21. [49]
    There were therefore a number of errors in the exercise of the discretion as to costs by the Member.  As well, it is difficult to see how the Member really took into account some of the matters mentioned by her.  She quoted the passage in Tamawood Ltd v Paans [2005] 2 Qd R 101 at [33] where Keane JA, as his Honour then was, with whom the other members of the Court agreed, said:

In the absence of countervailing considerations, where a party has reasonably incurred the cost of legal representation, and has been successful before the Tribunal, it could not rationally be said to be in the interests of justice to allow that success to be eroded by requiring that party to bear the costs of the representation which was reasonably necessary to achieve that outcome … . 

  1. [50]
    His Honour was not speaking of this Tribunal, but I adopt what I said about the significance of that judgment to the QCAT Act in Marzini (supra).  This passage is not a statement about the operation of a particular statutory formula, it is a statement about what is in the interests of justice.[42]  The Member accepted that it was appropriate for the parties to be legally represented in the proceedings, which  involved complex factual and legal issues: [25].  The Member was not satisfied that the appellants were the “successful party in the proceedings” [44], but they were undoubtedly successful in the first review, which was the significant one, because it was the one with the commercial element.  It was the one about the money, and therefore it was the one where there was the potential for the appellants’ success to be eroded by the cost of achieving that outcome.  The second review would at best get some defective work repaired unwillingly by the builder who caused the defects in the first place.  If the insurance claim were successful the defective and incomplete work would be covered by it anyway, subject to the limit of cover.  Indeed, the second review was really almost an alternative to the first, since it would be of real significance only if the appellants were unsuccessful on the first.  I consider that the Member has overlooked the fact that the first review was a much more significant matter for the parties, and ought to have been satisfied that the appellants had had substantial success in the proceedings overall.  
  2. [51]
    That the success of the appellants will be eroded is incontrovertible.  Given the length of the matter, thirteen days of hearings, a number of expert witnesses, several directions hearings and three compulsory conferences, it is obvious that the legal costs for the appellants will have run into six figures.  It is not necessary to be more precise about the amount.  The appellants sought to introduce copies of their solicitors’ bills into evidence on the appeal, to quantify the total amount they had paid, but the respondent objected to this as fresh evidence on the appeal.  I have not looked at them, and do not need to, as they are not really to the point.  They will not represent costs assessed on the standard basis, which is what matters. There has been no suggestion that costs are to be assessed on the indemnity basis.  I am content to act on my general knowledge of legal costs to know that the appellants’ success will be substantially eroded, if not completely exhausted, if they do not receive their legal costs as well.[43]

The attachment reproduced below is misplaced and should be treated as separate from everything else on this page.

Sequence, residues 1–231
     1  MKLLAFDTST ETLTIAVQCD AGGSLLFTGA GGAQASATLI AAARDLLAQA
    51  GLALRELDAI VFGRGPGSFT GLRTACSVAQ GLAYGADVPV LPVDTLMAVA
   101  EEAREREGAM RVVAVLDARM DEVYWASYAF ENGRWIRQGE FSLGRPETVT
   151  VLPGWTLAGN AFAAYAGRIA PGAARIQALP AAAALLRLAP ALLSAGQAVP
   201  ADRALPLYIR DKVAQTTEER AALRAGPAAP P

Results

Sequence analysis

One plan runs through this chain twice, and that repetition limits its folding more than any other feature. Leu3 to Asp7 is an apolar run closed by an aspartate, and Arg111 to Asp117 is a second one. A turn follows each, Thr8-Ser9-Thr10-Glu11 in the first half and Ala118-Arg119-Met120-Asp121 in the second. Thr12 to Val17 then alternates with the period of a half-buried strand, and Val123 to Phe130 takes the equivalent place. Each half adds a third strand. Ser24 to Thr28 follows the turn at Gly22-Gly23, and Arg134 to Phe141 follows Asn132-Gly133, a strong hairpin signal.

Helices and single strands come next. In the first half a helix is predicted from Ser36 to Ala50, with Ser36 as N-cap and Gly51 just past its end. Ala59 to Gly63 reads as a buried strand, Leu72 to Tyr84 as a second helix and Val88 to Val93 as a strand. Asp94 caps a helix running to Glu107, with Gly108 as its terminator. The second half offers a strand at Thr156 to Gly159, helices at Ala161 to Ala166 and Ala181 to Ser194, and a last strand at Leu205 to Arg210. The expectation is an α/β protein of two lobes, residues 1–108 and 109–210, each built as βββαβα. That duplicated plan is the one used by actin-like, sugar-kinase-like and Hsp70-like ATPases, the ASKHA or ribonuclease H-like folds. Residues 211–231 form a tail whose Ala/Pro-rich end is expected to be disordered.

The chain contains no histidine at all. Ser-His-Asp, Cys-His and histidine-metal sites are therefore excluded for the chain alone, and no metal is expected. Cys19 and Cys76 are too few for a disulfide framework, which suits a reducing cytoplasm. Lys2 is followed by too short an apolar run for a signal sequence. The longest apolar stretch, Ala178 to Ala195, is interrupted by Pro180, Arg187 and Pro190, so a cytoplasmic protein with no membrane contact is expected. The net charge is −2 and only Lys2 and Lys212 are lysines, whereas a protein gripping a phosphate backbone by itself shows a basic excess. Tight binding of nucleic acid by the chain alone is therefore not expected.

3. [52]
    The Member noted that the appellants are retirees, but does not appear to have had much regard to the limited financial circumstances that that description would ordinarily indicate.  Whether pensioners, superannuants or self-funded retirees, or some combination, such people will ordinarily find the sort of legal costs which such a proceeding would entail a very considerable imposition.  On the appeal the appellants have sought to put forward details of the financial imposition on them, and indeed details of the other financial, and non-financial, cost which they have borne, over the seven years that this dispute has run.[44]  The respondent has objected to all this evidence, and all of it could have been put before the Tribunal initially, but I do not think it was necessary to have so much detail to have a sufficient general understanding of the terrible consequences for the appellants of this dispute. 
  4. [53]
    It is clear to me, just from reading the decision in the substantive matter, and the quantity surverys’ report of 20 February 2018,[45] that there is substantial work required to complete this project, and that the appellants’ home must have been turned to some extent into a building site for some years as a result of this dispute.  I think it is obvious, even without further evidence, that they will have suffered considerably, and I have not identified anything in the material properly before me that the respondent did in relation to this dispute which was of any real benefit to the appellants.  Even without having the details of this fleshed out by additional evidence, these are by no means countervailing considerations; they may be factors supporting a costs order. 
  5. [54]